Disney offers a few different dining options. Quick-service meals allow customers to walk in and order food at a counter, rather than reservation dining, which is more expensive.
Studying the menu before your trip helps control the budget. Pringle said a family of four can eat at Disney for $100 to $150 a day; if you want to splurge on a character meal, allot between $200 and $250 for that day.
Bringing snacks and drinks into the park can cut costs. The park has free water stations throughout, and most quick-service restaurants or food stands offer free tap water to guests. A bottle of water costs $3.75 in Disney World and $4.39 in Disneyland. You also can purchase 24 packs of bottled water outside the park for a fraction of the price.
Additionally, Devine said sometimes it’s better to splurge on a room with a kitchenette so you can cook more meals in the hotel and make sandwiches to take into the park.
To park hop or not to park hop
Disney’s park hopping option permits guests to travel between the four parks daily. But those who purchase park hopping passes can only switch parks after 2 p.m. until each park closes.
Devine proposes guests can save some money by avoiding the park hopper option. “Just plan to do one park each day to save a little bit of money,” Devine said.
On the other hand, Pringle always chooses the park hopping option.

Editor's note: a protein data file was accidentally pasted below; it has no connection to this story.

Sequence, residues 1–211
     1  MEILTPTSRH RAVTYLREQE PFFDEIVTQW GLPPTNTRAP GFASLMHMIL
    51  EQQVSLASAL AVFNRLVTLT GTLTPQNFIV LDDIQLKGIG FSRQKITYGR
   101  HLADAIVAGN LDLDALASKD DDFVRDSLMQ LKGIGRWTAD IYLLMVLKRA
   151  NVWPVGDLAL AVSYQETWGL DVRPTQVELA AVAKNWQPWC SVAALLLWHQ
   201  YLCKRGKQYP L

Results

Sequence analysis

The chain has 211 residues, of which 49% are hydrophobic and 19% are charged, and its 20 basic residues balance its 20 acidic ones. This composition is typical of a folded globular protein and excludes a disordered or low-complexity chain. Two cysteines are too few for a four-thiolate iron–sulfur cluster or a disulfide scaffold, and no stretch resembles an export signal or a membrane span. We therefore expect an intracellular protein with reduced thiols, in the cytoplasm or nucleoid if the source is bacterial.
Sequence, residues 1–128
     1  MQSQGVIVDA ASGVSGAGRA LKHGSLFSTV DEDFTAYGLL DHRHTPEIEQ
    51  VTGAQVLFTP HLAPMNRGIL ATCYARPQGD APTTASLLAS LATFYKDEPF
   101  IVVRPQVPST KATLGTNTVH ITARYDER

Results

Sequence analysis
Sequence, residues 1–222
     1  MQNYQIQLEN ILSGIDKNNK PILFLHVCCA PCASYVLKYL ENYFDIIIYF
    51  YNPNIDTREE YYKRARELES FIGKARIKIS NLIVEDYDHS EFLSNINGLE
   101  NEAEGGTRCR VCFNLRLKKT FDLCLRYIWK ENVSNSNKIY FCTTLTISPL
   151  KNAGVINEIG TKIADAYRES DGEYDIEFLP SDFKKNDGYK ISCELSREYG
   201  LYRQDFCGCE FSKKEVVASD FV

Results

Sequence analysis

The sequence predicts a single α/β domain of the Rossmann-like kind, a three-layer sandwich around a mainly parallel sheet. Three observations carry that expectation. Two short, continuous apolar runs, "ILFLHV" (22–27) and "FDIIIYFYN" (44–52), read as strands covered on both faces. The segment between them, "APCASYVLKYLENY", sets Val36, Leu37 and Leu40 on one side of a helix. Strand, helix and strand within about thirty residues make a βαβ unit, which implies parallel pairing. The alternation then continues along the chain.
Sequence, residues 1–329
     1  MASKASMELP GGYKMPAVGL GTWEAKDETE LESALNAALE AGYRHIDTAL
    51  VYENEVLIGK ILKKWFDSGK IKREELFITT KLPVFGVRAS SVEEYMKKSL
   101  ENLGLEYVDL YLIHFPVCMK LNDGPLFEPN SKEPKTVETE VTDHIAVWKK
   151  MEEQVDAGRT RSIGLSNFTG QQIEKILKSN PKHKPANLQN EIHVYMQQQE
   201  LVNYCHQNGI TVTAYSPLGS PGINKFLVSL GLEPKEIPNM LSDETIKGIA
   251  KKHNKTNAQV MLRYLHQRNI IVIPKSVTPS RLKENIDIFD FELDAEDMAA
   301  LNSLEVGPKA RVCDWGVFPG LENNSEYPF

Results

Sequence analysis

“If we see the ride times at Epcot are low, we can go there in the afternoon. I feel like a park hopper can help you manage your time better,” Pringle said. “I know it’s more expensive, but then we don’t end up buying four to five-day tickets.”
Get creative with souvenirs
Devine says purchasing an autograph book before heading into the park saves cash. Amazon sells Disney-themed autograph books starting at $5.99 and Disney photo albums for under $20. On Disneyland’s website, personalized photo albums run between $79 and $115.
Disney Tsum Tsums or smaller stuffed animals are at Walmart or Target for a fraction of Disney parks’ costs. Plus, these smaller trinkets are more manageable rather than giant stuffed animals.
“I’ll do Minnie ears that I’ll find on sale at Shop Disney, and that way, we’re not spending $40 (at the parks) on Minnie ears. We’re spending maybe $19.99,” Pringle said.
Use credit cards with rewards
Pringle said she uses the Disney Visa card because it allows her family to get savings and rewards that go toward souvenirs and meals.
In addition to the Disney Visa, her family uses the Target RedCard, which allow patrons to purchase Disney gift cards with a 5% cash-back offer. Pringle said she uses the cards to pay off the trip in the months leading up to the family vacation.
Pringle also gives each of her children a Disney gift card, between $50 and $100, for their personal souvenir budget.
Devine similarly advised seeking out deals on Disney gift cards and stocking up.
“If you know what your budget is outside of the hotel and park tickets, leading up to your trip, stock up on Disney gift cards, sometimes you can get a good deal at Target, and sometimes Costco also sells them in a bundle where you save a little bit of money,” Devine said.
For an estimate of Disney trip costs, visit the Disney World Coast Calculator.